Angina is caused by calcification of the coronaries in the heart and appears as attacks of oppressive or contracted pains in the chest. Calcification is preventable. You must call the doctor immediately if your chest pains last longer than 10 minutes, if they come while you rest, if nitroglycerine does not help or if the chest pains are more powerful than usual.
Angina – angina pectoris as the doctors call it – is a very common illness. Especially men are struck and frequency increases with age.
The heart is a big muscle that – like other muscles in the body – needs oxygen. The heart has its own veins (coronaries) that make sure that the heart is supplied with the required oxygen. If the heart does not have a sufficient blood supply, angina occurs. If the coronaries are calcified, sufficient blood will not be able to reach the heart. When the heart works hard – for example when you exert yourself or are outside in cold weather – it require extra oxygen and thereby extra blood from the coronary artery. That is why angina frequently arises when making an effort or in cold weather.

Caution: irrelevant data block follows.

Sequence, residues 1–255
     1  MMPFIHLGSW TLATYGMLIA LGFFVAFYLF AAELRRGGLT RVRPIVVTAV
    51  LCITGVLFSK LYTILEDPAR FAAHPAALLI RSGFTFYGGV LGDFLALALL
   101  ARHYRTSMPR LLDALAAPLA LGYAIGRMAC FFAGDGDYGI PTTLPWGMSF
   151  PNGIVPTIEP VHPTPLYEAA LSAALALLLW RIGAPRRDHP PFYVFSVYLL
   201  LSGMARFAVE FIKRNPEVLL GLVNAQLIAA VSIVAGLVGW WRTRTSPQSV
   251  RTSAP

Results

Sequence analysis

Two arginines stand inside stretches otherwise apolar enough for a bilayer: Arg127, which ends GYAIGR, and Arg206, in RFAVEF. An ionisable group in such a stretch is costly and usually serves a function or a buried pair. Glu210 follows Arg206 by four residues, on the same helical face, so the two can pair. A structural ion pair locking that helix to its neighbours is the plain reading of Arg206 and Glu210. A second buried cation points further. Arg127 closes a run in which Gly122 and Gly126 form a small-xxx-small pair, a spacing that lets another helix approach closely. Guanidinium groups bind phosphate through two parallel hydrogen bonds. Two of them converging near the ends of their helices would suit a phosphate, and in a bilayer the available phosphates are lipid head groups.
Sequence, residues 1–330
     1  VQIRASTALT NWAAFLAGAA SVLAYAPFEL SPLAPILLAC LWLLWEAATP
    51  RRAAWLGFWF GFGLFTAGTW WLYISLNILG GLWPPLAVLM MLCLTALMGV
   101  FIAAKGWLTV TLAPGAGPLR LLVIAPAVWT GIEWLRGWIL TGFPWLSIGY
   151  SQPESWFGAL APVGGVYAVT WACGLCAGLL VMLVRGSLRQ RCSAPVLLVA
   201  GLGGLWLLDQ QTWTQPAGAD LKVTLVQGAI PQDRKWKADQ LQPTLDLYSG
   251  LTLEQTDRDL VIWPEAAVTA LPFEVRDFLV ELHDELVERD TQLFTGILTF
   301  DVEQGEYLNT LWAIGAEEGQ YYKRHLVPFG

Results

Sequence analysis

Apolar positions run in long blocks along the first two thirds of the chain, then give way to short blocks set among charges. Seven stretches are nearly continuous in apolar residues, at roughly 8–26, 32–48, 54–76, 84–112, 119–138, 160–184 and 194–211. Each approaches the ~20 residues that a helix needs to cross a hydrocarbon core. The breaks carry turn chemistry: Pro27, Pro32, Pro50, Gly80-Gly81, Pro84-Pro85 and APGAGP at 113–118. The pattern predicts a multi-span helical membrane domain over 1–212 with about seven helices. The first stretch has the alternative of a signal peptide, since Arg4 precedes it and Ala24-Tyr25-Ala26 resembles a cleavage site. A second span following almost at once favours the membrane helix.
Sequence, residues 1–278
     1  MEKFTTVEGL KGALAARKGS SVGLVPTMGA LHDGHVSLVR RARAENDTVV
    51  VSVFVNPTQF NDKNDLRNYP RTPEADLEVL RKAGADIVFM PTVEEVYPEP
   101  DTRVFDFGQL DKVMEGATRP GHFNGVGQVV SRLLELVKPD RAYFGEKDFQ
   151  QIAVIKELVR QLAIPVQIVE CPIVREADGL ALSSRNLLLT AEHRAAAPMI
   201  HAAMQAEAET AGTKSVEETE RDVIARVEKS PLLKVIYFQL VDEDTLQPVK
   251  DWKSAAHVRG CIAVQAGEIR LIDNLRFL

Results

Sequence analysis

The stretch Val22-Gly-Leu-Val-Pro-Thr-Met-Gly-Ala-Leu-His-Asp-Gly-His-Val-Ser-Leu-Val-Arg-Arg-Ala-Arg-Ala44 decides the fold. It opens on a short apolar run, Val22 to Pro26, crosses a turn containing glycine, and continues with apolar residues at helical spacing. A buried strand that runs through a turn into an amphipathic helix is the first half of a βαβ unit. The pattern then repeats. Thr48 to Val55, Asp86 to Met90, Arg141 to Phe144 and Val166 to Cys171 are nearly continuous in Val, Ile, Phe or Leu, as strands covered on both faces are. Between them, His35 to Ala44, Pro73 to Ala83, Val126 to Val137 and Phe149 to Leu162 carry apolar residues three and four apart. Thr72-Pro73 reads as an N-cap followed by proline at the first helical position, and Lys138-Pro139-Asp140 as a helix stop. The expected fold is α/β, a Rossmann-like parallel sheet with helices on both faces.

So calcification of the coronaries is a significant cause of angina. Our veins – including the coronaries – start to calcify in a very early age. With smoking, obesity, raised blood pressure, elevated levels of cholesterol in the blood, lack of exercise and diabetes significantly accelerate calcification. By changing these conditions – for example by stop smoking, losing weight, exercise and eat healthy – it is possible to prevent the development of angina.
Usually, angina appears by chest pains. The pains are located behind the breastbone right in the centre of the chest. The pains are described as oppressive, contracted and can radiate out into the left arm or up into the jaw. Most feel ill at ease with trouble breathing, dizziness or palpitation and are scared. An ordinary attack of angina lasts from a few minutes to a maximum of 10 minutes.
Typically, the illness begins with chest pains in connection with heavy physical strain – for example by running or hard work. Gradually, as the coronaries become more and more affected by calcification the chest pains trigger by less and less strain. When the coronaries are almost completely blocked by calcification, chest pains may arise even though you are sitting still in a chair. When the coronaries close completely, you have a coronary thrombosis.